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I have a machine with a C++ project that is a socket client to another machine that is sending a timestamp, it is an unsigned int representing the number of milliseconds since midnight.

unsigned int time;

How can I compare this time value to the system time and get the spread between the two in milliseconds? The spread should be "relatively" constant over time.

The accuracy of the system time must be within one millisecond because if the spread widens to (for example) 20 milliseconds, I know something is wrong and the code needs to be aware.

I am able to use Windows.h Any advice would be appreciated and sample code too!

Thanks!!

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Are you sure that the network latency will be consistently much less than 20ms? –  Eric J. Jun 22 '12 at 2:13
    
It might be easier to run ntpd on your systems; the documentation claims It provides accuracies typically less than a millisecond on LANs and up to a few milliseconds on WANs.. NTP4 has been designed over the course of decades to reliably share time amongst hosts. –  sarnold Jun 22 '12 at 2:19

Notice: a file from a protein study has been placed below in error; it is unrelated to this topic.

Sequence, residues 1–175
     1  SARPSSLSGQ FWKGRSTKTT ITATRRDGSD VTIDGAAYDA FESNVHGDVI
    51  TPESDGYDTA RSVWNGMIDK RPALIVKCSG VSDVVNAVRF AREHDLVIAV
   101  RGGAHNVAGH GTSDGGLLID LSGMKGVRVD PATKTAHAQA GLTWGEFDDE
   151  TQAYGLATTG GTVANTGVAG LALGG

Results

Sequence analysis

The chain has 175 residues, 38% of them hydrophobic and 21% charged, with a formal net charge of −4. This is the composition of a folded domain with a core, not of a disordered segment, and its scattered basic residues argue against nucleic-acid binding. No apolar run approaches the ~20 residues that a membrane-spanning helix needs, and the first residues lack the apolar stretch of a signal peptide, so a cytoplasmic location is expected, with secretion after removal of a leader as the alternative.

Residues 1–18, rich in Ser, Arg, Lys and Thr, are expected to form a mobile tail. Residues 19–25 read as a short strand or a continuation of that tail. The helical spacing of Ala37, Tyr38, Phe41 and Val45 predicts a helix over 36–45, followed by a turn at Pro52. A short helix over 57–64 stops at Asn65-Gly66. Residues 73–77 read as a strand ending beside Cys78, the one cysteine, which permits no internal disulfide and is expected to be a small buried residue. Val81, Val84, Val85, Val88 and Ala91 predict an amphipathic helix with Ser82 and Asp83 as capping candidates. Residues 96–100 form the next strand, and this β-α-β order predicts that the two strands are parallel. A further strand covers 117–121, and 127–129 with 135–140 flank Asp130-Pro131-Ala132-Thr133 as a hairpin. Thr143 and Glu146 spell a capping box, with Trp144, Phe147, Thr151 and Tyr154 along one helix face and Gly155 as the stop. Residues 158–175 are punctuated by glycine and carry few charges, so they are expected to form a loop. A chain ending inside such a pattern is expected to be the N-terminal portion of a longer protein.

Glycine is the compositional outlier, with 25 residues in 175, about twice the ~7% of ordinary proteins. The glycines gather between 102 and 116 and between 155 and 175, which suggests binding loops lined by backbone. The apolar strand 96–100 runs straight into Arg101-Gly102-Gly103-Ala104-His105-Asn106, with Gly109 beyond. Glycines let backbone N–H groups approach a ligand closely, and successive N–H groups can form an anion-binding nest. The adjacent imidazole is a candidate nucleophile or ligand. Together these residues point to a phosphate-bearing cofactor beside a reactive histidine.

Simplest answer would be to configure a ntp server that synchronizes the clocks. I am not sure about the precision of the synchronization, but it should suffice. –  David Rodríguez - dribeas Jun 22 '12 at 3:39
    
The question is how to compare two values, the system time and the time I'm receiving, its a simple coding question. –  user1457712 Jun 22 '12 at 20:49
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1 Answer

Perhaps this will help you. I used it in a project I did in school to compare the efficiencies of several algorithms for calculating a maximum subsequence sum. This is a class that utilizes the function QueryPerformanceCounter which is included in Windows.h and I believe it to be accurate in the sub-ms range. It was the most accurate way I could figure to do it in C++ using Windows.h.

I got it from an open source project on Google Code called gpufrustrum

#include <windows.h>

class CPrecisionTimer
{
  LARGE_INTEGER lFreq, lStart;

public:
  CPrecisionTimer()
  {
    QueryPerformanceFrequency(&lFreq);
  }

  inline void Start()
  {
    QueryPerformanceCounter(&lStart);
  }

  inline double Stop()
  {
    // Return duration in seconds...
    LARGE_INTEGER lEnd;
    QueryPerformanceCounter(&lEnd);
    return (double(lEnd.QuadPart - lStart.QuadPart) / lFreq.QuadPart);
  }
};
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This is not an answer to the question. As I understand it, the question is how to estimate the difference between the clocks in two different machines not how to measure local time with precision. –  David Rodríguez - dribeas Jun 22 '12 at 3:38
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